• Bean burritos/tacos
  • Cheese pizza (I have seen this on a few flights, but not in a couple of years)
  • Nachos
  • Falafel/Sabbich sandwich
  • Grilled veggie sandwich
  • Cheese sandwich
  • PB&J

I bet any other vegetarian or vegetarian-friendly omnivores could name others. These things are cheap and good. Total crowd pleasers. So Continental, change your meal policies; cover more of your clients; go veg!

*I’ve noticed that vegetarian food tends to be kosher (or at least pareve), but I am by no means fluent in this diet. If anyone wants to educate/correct me, leave a comment!

dear grilled halloumi, thank you

last night, after a day of not being in the sun (yay, documentary project), i arrive home incredibly hungry. i was able to get to the farmer’s market in union square (ramps are in, in case anyone wants to know). i bought white onions, garlic, oyster mushrooms, dinosaur kale, and halloumi!

i’ve walked by the goat cheese stand so many times (right now, i am wishing that i could remember the name of the farm). they have a sign with a picture of goat and L shaped text that says “GOAT CHEESE”. they are hard to miss. i’ve never stopped, but the words “Halloumi” on the white board just screamed out at me. i stopped and took a look and asked the woman behind the table. this batch was really good. she had done an extra squeeze out of the liquid, and the halloumi was really holding its shape. and $8 later, i had the centerpiece for this meal.

i first had grilled haloumi while touring The Bakkhai in greece and cyprus the summer before my senior year in college. two of us were vegetarians (yes, we were offered lamb when we said we didn’t eat meat). after enough feta and stuffed peppers and tomatoes to make us not care about eating anymore (neither of us ate feta for a year after we returned), we found grilled halloumi, and it was a revelation.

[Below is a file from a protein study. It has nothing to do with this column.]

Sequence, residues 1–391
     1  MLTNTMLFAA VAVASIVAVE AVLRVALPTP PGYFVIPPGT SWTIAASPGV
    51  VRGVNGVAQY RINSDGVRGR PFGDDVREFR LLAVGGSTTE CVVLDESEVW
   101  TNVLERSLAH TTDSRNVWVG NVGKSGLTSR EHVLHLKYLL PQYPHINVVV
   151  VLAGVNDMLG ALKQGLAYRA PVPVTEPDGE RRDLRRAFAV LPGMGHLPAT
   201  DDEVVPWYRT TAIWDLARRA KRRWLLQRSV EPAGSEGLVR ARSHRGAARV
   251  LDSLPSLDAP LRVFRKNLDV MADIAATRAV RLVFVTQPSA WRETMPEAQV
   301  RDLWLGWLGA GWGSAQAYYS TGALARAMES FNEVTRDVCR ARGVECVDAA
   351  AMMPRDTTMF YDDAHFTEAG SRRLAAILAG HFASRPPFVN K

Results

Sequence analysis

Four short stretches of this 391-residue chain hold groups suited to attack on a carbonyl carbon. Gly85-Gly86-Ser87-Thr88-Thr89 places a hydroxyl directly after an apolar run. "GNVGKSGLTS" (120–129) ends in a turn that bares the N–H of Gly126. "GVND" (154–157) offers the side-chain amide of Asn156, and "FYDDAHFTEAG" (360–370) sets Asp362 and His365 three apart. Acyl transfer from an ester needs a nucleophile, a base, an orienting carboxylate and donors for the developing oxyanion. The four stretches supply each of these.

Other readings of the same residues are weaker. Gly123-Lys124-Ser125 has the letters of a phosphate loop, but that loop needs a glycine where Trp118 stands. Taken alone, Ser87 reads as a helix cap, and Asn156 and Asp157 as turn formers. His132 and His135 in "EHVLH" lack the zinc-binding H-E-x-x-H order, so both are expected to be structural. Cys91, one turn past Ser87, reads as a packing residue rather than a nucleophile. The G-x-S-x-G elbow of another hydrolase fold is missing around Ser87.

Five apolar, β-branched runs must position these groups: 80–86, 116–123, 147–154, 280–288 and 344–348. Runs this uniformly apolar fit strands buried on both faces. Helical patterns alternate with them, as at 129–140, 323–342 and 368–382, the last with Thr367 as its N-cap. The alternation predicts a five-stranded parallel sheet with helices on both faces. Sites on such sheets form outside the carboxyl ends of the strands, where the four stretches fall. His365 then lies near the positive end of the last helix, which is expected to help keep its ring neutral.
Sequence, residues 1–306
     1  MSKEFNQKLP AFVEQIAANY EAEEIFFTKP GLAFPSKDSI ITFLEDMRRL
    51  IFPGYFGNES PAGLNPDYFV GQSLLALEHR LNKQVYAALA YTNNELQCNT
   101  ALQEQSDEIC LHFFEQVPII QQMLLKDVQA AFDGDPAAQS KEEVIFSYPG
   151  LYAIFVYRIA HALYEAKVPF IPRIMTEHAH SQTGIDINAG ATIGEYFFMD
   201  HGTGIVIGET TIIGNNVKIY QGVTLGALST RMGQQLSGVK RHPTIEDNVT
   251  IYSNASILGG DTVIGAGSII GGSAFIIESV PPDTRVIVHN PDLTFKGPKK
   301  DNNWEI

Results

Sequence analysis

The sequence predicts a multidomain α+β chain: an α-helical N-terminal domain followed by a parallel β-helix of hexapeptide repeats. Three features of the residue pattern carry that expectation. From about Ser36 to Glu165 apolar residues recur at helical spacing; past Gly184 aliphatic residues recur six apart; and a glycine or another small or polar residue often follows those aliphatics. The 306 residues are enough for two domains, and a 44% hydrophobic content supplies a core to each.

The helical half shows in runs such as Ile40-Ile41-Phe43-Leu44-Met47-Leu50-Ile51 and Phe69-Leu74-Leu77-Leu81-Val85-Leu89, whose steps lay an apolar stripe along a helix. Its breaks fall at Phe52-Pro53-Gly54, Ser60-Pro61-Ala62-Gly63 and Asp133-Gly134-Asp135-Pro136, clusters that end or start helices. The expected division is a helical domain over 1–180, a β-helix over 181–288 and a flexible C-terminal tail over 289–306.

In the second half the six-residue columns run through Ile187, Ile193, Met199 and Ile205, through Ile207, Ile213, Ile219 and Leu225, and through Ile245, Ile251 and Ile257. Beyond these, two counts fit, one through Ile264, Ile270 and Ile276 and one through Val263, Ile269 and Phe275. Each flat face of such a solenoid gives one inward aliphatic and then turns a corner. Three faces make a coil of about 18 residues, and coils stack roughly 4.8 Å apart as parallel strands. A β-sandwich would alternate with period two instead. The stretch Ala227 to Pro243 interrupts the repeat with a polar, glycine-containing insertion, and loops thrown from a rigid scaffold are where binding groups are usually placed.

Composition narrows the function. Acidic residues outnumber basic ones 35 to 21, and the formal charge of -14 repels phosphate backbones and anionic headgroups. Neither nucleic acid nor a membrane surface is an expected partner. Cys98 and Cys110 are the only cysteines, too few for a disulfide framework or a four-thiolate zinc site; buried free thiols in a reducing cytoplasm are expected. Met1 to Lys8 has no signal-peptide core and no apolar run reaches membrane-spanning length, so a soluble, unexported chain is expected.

i’ve only had grilled halloumi in restaurants, but with my time opening up (and my money becoming tight), i am on a cook-at-home kick. i looked up some recipes, but not having lemon in the house, i decided to just let the cheese be itself. i started the rice in the cooker with some salt and a vegan “beef” broth cube. i sliced 3 cloves of garlic and chopped 3 medium onions. i washed the oyster mushrooms and the dinosaur kale and set aside to drain. in my favourite pan, i heated the olive oil and dropped in the garlic. after about a half a minute, i added the onion. while that was cooking, i sliced the mushrooms to bite sized pieces. when the onions were relatively clear, i added the mushrooms and turned on the heat for my grill pan. once the mushrooms were cooked a bit, i added the kale. i put a little olive oil on the grill pan and placed the halloumi on top. i cooked everything until the kale had cooked down and both sides of the halloumi had beautiful grill marks. in the last minute of cooking the kale, i added a generous splash of champagne vinegar. the rice cooker button popped, and it was time to eat!